By Jim Moriarty
4: 55 p.m.
With a birdie on the 10th hole, his fourth in a five-hole
stretch, Webb Simpson emerges for the first time all
week as a legitimate threat to claim the U.S. Open title.
sprinkler head, and Simpson wonders if he can get relief.
Again, Gist offers the same answer: no drop. Despite the
verdict, Simpson manages a deft up-and-do wn for par to
finish at one over for the championship.
6: 15 p.m.
Simpson stands over his third shot at the 16th hole, he
calls over rules official Skip Gist who is following his group.
Simpson wants to know if he could get a drop because his
lie, in the first cut of rough, was trampled grass from traffic
that had passed through the hole. Gist makes a quick
ruling: no drop. “It wasn’t a crossing area,” he says. “And
his ball wasn’t in the fairway so it didn’t matter.”
6: 54 p.m.
After a massive duck hook off the tee on the par- 5 16th,
Furyk misses a putt that would salvage par, falling to two
over. It’s the first time all day that the 2003 U. S. Open
champion doesn’t hold at least a share of the lead.
6: 21 p.m.
Ernie Els’ bid for a third U. S. Open title comes to a
painful end on the 16th hole. One stroke off the lead, the
Big Easy pulls his 9-iron approach long and left, the ball
rolling down the shaved slope around the green. Using
a putter, Els tries to run his fourth shot along the ground
but doesn’t hit it hard enough, the ball rolling back
toward his feet, resulting in a costly bogey.
7: 10 p.m.
As Furyk putts for birdie on the 17th green, wife Tabitha
stands with their kids outside the ropes by the 18th tee,
eyes closed waiting for the crowd’s reaction. When the
gallery groans, she shakes her head and moves the kids
inside the ropes, where they take a knee and prepare to
watch the final hole.
6: 26 p.m.
For all the attention he has received the previous few
days, Hossler’s impressive Open run ends with a thud
on the 18th. Needing par to secure a share of low amateur honors with future University of Texas teammate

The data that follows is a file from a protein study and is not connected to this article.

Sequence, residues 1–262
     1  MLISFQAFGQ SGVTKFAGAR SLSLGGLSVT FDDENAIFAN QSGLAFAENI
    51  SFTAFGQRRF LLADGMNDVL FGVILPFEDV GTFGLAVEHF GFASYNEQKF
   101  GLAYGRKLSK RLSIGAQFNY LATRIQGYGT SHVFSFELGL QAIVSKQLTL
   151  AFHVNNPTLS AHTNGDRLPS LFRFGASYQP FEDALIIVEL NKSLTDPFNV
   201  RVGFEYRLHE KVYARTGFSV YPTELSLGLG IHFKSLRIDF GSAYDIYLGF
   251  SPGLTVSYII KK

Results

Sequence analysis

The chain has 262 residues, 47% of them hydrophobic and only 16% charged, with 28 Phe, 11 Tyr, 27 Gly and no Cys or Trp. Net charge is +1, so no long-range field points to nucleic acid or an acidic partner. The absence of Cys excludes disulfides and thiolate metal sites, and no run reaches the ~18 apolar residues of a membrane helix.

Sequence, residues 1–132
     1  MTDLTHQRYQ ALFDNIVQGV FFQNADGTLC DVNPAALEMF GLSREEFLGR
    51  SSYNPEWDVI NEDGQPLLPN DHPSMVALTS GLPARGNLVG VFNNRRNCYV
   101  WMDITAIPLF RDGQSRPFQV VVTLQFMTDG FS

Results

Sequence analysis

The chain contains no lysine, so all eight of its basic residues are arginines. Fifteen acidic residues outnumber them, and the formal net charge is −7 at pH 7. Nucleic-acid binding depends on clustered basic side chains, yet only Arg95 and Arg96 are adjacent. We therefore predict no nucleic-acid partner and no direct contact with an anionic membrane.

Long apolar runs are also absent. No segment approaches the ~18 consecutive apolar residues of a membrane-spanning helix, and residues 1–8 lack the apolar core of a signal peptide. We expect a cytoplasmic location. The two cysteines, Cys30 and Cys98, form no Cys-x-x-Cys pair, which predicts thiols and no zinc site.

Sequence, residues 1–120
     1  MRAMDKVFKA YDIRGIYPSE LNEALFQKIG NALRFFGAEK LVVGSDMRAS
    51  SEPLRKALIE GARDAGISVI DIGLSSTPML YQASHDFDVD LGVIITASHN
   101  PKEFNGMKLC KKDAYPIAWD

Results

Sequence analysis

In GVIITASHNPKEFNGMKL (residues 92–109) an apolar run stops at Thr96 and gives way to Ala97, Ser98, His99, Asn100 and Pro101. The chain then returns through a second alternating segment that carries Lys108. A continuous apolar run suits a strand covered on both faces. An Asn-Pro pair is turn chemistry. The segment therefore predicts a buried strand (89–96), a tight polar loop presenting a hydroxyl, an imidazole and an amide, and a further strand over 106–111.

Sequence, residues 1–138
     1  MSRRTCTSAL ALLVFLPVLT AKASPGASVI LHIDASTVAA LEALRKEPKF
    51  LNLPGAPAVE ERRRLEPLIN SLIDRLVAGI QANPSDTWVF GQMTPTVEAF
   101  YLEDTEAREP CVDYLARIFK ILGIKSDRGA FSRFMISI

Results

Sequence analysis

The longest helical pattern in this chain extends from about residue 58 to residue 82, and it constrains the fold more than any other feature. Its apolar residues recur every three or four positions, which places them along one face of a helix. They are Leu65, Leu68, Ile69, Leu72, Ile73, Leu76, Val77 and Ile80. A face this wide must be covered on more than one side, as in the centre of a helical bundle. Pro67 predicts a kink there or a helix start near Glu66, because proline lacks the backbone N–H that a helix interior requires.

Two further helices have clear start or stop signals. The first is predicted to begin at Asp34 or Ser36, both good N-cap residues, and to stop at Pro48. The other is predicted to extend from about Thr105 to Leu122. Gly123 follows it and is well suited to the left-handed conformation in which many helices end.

Jordan Spieth, Hossler instead finishes with a double
bogey to allow his friend to claim the honor outright.
One consolation for Hossler: Earlier in the day LPGA star
Paula Creamer said on Twitter that she would go to the
prom with the Orange County, Calif., junior.
7: 27 p.m.
Having missed a 24-foot birdie try that gives Simpson
the victory, McDowell walks off the 18th green having
made one stroke too many to claim his second U. S.
Open title in three years. As Mike Davis approaches
offering condolences, McDowell is quick to stick out
his hand and say to the USGA executive director,
7: 49 p.m.
As if the hats Davis wears aren’t already numerous, he
takes on one more task during the trophy presentation
for Simpson: bouncer. When a crackpot making bird
sounds runs on the 18th green, Davis proceeds to yank
him out of the television camera view.
6: 45 p.m.
Simpson calls Gist over to the right side of the 18th green
and asks for another ruling. This time his ball was in a
depression that looked like it might once have been a
McDowell posts a picture on Twitter of a full pint of Guinness with an appropriate caption: “Consolation prize.”
When the fog with the fancy maritime
name rolls across Olympic Club, the old
quote attributed to Mark Twain, “The cold-est winter I ever spent was a summer in
San Francisco” inevitably gets trotted out.
There’s no real problem with this except
that Twain probably never said it. He did
say something along those lines once, but
it was about Paris.
Twain moved to San Francisco in June
of 1864, reputedly to avoid prosecution
in Nevada for dueling. He had been the
Nevada correspondent for the San Francisco Morning Call and latched on with the
folded-over broadsheet when he arrived
in the city. His beats included, but were
not confined to, the courts, theater and
any other item of interest that would now
make a perfectly wretched blog post. It
wasn’t an altogether satisfactory association. He referred to his journalistic career
as, “fearful drudgery, soulless drudgery,
and almost destitute of interest.” His
term of employment ended in October
when it was suggested by his employer
that he would be happier elsewhere, so he
Although his items appearing in the
Morning Call carried no byline, there are
some you could take a good country stab
at identifying, like this coverage of the lo-
cal bigamist, Isaac Hingman. “The story of
the illegal wife is plausible,” says the item
dated July 8, 1864, “and if it is true, Mr.
Hingman ought to be severely dealt with.
But not too severely—we go in for modera-
tion in all things, and, considering all the
circumstances of this case it might be a
questionable application of power to do
more than hang him. To hang him a little
while—say thirty or forty minutes—ought
to be about the fair thing, though. He
wants to marry too many people; and he
needs treatment that will tend to check
Sounds a lot like the U.S. Open setup